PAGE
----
With the so-called "Amazon Tax" taking effect in New York state on Sunday, Overstock.com filed suit Friday against New York, joining Amazon.com, which filed a similar lawsuit in early May.
Overstock.com, which is based only in Utah, has no operations in New York, and sells exclusively through the internet, views the new law as unconstitutional under both New York and federal constitutional provisions, including due process clauses under both constitutions and the commerce clause of the U.S. Constitution as well. The complaint filed in the New York Supreme Court calls upon the court to issue an injunction and to declare the law unconstitutional. It names as defendants in the suit the New York State Department of Taxation and Finance, and Tax Commissioner Robert L Menga and Governor Paterson in their official capacities as state officers.
On May 15, 2008, Overstock.com announced it had notified more than 3,400 New York-based affiliate advertisers that as of June 1, 2008 they could no longer provide advertising for Overstock.com owing to the application of this law. If it had not taken the action, on June 1, the controversial new law would have required the company to collect an up to 8.75% sales tax on all its sales to New York customers. If the company's legal challenge succeeds, the company anticipates it will return to state's internet advertising affiliates.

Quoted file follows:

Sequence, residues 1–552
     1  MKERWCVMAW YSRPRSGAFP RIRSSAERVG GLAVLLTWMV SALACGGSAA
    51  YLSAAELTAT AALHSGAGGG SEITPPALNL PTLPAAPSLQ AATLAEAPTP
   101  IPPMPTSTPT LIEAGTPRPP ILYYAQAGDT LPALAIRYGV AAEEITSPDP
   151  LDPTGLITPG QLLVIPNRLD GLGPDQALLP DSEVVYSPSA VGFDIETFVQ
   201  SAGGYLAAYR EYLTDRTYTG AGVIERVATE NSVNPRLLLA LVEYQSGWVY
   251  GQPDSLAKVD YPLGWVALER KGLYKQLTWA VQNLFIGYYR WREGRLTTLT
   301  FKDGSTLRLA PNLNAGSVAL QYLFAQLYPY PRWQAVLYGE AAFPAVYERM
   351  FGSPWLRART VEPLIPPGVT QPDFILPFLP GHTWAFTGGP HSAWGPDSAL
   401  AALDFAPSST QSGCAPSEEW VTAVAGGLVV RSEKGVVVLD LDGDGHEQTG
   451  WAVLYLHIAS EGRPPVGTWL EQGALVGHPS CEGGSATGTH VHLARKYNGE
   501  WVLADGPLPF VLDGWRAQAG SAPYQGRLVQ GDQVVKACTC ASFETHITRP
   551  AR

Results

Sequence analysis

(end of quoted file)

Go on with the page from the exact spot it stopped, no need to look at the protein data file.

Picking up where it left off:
"We love New York," said Patrick Byrne, Overstock.com chairman and chief executive officer. "But, we had to choose our New York customers over the New York tax collector armed with an unconstitutional statute."
"I am confident of our position in the suit," said Mark Griffin, Overstock.com general counsel. "The applicable United States Supreme Court cases on the question of whether the state can collect taxes under these circumstances make it clear that New York cannot constitutionally require Overstock.com to collect these taxes."
In a 1992 Supreme Court decision, Quill vs. North Dakota, the Supreme Court ruled that out-of-state retailers cannot be required to collect sales tax on purchases sent to states where they did not have a physical presence. New York's law tries to get around this with the "affiliate" angle.